On May 4th, 2017, hundreds gathered on the 22nd floor of the Florida State Capitol to join together from different influential aspects of society to honor God, humble themselves, and pray for God to intervene in America.
In 1863, President Abraham Lincoln appointed a day of national humiliation, fasting, and prayer. The following excerpts are from that proclamation:
“We have been the recipients of the choicest bounties of Heaven; we have been preserved these many years in peace and prosperity; we have grown in numbers, wealth, and power as no other nation has ever grown. But we have forgotten God.”
This post was originally published here and has been republished with permission.
I’ve heard a common statement recently. It goes something like this, “That worship leader is too self-centered” or “That worship leader is doing nothing but putting on a show.”
I agree with the premise that we need to get the focus off of ourselves and onto God. However, I’m worried about the response this causes from pastors and the congregation.
A few requests I’ve heard are:
While there are helpful tools in all of these suggestions, they can become more like rules.
Part 1 of Longings of the Heart
“There are inescapable cravings in the core of every human heart that cannot be ignored, denied or pacified: they must be satisfied.” -Mike Bickle
Fundamental to every living person are longings that transcend culture, religion, or lifestyle. These longings are given by God, and only He can fulfill them. They are what drive every pursuit and every motive in life.
Take a quick glance at American culture and you’ll soon realize that everyone wants to be ‘Liked‘. From social media, to entertainment, this American generation wants to be heard and enjoyed for who they are. I believe this culture echoes a powerful longing in our hearts: the longing to be enjoyed.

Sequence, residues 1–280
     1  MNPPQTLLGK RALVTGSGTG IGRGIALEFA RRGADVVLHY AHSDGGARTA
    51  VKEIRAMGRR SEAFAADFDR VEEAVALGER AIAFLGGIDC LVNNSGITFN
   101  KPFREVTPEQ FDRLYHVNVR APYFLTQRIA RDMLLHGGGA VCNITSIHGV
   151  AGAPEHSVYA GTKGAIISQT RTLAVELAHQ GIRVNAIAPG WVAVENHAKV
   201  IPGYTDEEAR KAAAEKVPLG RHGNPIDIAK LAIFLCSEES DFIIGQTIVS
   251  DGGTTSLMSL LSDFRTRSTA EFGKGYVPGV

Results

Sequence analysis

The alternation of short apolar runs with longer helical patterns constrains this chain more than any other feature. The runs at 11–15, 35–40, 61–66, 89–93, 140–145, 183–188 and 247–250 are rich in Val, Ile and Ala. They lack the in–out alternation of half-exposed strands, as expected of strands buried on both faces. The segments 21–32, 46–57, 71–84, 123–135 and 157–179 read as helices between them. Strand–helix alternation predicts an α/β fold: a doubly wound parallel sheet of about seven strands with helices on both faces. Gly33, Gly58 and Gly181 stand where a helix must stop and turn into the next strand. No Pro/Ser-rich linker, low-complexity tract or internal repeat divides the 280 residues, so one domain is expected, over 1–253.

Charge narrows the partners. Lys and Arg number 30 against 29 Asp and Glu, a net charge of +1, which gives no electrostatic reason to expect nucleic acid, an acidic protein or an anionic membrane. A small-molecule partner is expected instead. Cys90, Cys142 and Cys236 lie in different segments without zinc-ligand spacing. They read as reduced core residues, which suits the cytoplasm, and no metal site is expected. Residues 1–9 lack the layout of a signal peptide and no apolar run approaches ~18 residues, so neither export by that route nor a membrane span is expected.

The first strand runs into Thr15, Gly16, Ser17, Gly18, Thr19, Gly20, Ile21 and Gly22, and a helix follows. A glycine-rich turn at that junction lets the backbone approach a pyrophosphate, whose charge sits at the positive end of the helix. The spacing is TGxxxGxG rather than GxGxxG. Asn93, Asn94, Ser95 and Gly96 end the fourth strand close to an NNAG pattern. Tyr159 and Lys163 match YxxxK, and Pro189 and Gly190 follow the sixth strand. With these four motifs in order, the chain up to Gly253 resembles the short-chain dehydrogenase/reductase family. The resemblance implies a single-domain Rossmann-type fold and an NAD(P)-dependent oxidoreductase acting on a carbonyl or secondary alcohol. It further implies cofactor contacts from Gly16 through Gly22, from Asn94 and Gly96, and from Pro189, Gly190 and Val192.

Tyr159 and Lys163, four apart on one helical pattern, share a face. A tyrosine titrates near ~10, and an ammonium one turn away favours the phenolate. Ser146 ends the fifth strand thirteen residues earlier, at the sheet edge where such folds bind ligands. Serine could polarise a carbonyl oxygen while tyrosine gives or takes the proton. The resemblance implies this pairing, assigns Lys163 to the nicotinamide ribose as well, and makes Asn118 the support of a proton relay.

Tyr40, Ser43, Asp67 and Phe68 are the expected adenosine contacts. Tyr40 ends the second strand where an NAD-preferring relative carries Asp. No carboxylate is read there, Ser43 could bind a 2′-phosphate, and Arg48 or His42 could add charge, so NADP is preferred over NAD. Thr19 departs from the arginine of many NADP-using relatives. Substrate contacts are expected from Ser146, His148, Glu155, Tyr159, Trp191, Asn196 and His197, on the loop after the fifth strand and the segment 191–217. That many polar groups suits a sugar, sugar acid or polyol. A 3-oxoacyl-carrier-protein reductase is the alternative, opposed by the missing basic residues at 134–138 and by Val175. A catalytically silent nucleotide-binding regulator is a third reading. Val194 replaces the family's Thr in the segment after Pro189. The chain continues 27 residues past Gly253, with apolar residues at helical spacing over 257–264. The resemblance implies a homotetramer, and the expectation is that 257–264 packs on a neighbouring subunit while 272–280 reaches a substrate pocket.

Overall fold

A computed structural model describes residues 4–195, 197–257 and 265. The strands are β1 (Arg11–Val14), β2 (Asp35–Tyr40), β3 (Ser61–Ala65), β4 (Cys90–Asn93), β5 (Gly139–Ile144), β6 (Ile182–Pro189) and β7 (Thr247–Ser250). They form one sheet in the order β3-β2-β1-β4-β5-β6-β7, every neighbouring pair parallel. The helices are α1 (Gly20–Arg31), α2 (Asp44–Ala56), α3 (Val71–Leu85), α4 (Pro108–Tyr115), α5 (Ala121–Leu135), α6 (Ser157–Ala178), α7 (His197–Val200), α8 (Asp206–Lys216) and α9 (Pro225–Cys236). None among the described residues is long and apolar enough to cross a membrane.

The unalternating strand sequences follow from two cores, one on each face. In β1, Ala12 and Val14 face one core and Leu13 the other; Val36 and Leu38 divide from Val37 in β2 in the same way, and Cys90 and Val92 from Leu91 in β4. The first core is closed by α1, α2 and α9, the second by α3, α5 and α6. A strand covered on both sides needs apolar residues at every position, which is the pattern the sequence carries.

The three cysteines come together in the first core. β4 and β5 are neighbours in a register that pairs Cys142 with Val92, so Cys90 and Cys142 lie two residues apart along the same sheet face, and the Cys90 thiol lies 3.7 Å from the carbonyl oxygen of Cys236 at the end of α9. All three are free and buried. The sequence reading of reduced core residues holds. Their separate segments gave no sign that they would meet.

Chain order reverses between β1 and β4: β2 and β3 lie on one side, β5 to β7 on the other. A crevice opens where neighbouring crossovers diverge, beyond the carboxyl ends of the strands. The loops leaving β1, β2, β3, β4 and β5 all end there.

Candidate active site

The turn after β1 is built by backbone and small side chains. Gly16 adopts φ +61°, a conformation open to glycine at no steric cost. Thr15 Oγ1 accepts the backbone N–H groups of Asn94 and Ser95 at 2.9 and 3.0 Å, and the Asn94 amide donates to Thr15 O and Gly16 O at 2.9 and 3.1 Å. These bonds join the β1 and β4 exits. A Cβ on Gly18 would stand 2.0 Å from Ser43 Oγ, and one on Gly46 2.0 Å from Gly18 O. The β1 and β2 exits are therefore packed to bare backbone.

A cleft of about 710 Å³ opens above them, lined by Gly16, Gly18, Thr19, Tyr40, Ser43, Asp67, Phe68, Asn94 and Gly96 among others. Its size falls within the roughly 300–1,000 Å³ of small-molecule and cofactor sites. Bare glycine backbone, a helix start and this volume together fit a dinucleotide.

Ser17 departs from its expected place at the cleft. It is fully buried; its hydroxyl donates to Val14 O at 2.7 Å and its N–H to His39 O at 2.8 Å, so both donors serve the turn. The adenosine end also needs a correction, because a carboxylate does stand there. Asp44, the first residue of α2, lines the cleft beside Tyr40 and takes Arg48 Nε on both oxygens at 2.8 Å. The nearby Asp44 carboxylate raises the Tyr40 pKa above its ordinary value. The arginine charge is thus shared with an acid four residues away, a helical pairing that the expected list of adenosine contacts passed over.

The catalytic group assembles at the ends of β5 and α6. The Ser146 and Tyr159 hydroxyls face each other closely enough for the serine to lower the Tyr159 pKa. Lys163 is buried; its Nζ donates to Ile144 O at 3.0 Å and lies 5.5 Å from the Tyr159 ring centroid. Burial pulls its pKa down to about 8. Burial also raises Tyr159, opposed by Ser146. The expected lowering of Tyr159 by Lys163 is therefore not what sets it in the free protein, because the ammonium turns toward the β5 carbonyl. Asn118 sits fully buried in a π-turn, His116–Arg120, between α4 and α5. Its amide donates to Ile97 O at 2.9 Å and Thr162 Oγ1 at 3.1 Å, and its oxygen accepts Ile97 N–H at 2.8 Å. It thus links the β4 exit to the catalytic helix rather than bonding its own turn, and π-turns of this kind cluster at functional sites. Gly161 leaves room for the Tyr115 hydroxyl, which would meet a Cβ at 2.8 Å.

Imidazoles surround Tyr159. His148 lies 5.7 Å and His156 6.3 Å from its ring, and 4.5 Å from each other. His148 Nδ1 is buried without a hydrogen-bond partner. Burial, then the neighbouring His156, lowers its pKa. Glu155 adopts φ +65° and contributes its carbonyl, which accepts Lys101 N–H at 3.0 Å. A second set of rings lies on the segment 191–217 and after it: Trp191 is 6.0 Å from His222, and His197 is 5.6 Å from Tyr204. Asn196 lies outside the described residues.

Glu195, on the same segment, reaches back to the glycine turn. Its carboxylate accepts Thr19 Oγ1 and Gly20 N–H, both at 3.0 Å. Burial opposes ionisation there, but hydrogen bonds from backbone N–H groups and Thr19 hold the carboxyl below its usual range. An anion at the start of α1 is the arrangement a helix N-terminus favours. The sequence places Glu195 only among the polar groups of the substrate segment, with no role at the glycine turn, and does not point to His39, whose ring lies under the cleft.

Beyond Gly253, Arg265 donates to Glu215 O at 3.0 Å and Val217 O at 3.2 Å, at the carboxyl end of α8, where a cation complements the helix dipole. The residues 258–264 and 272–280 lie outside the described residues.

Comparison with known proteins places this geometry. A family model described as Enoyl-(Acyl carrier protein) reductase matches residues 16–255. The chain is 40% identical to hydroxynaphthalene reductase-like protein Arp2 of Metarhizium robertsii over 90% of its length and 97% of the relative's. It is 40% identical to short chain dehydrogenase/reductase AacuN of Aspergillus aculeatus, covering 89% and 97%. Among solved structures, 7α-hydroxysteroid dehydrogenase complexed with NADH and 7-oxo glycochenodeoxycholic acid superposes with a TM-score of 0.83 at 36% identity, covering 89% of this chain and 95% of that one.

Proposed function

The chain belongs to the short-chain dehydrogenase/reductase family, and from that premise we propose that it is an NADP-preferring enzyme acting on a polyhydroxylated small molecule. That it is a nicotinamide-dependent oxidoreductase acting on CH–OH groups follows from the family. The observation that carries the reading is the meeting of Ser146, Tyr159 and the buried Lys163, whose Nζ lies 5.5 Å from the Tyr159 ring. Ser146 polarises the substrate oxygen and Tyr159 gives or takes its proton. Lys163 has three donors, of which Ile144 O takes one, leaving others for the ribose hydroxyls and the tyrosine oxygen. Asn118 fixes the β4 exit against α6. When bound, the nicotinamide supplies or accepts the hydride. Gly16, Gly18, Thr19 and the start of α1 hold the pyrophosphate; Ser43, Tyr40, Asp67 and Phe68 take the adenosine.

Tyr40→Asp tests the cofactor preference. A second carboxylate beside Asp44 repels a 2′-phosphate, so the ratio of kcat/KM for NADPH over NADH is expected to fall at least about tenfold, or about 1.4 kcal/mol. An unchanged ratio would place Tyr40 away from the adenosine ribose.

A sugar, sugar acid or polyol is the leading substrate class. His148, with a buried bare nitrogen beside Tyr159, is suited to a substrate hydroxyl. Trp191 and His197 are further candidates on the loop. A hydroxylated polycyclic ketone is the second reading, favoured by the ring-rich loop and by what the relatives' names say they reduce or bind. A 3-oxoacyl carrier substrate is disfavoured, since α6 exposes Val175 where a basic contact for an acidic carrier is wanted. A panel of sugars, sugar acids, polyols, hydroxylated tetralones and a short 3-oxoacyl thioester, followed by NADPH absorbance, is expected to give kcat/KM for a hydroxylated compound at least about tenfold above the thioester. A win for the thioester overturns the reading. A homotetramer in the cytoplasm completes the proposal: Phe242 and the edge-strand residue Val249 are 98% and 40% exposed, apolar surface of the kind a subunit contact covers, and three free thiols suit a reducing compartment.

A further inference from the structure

While human companionship can provide a great sense of support and security, this longing to be enjoyed is rooted in a desire to be enjoyed by God Himself. When one’s life are marked by the enjoyment of God, there becomes a pillar of strength inside that isn’t easily swayed by the insecurities and opinions of others. This longing is foundational to our identity in Christ (1 John 4:19).
“You shall love the Lord your God with all your heart, with all your soul, and with all your strength.” Deuteronomy 6:5
I am sure that we have all heard the great commandment from Deuteronomy 6:5 to love the Lord with all of our heart, mind and strength. Throughout the bible this command is continually held up as the pinnacle of what the Christian life is to be centered around (along with loving our neighbors as ourselves). Jesus confirmed this in the Gospels when He answered the questioning of the scribes in Mark 12:28-34.
Loving God with our hearts and minds seems very practical. Loving usually always has to do with matters of the heart and we all know about the unseen world of our minds that must be continually reigned in and governed to love the Lord. But what does it mean to love the Lord with all of our strength or might?
There are two attitudes, two primary mindsets that exist in the world when it comes to living in peace with the people around us. They are both effective in many ways, but I suggest that only one of these mindsets was the one Jesus was talking about when he talked about peacemaking. We will call these two approaches the peacemaker and the peacekeeper.
Blessed are the peacemakers, for they will be called children of God. -Matthew 5:9
Before we explore the differences between these two attitudes, we will look at the similarities between them. As Romans 12:18 states, it is a goal to live at peace with the people around us, and both these attitudes further that cause immensely. Many people live without caring about creating or maintaining peace at all. We can honor the peacekeeper while striving to transcend that mindset as peacemakers on the earth.
I have been a governmental intercessor for 25 years, standing in the gap for our country. I began to truly intercede for the nation when I had my fourth child; today, with four grandchildren, I am still standing in the gap for America and training young intercessors.
Many battles have been won and some lost. Our job as intercessors is to stay steady, stand firm, and never, ever give up! Sometimes this is easier said than done. When you watch the news and it seems like you’re losing, you have to learn to declare the Word of the Lord, realize you’re in a long-term battle, and not grow weary.
I want to share some stories of governmental intercession that I hope will give encouragement in the midst of the battles we are facing right now as a nation.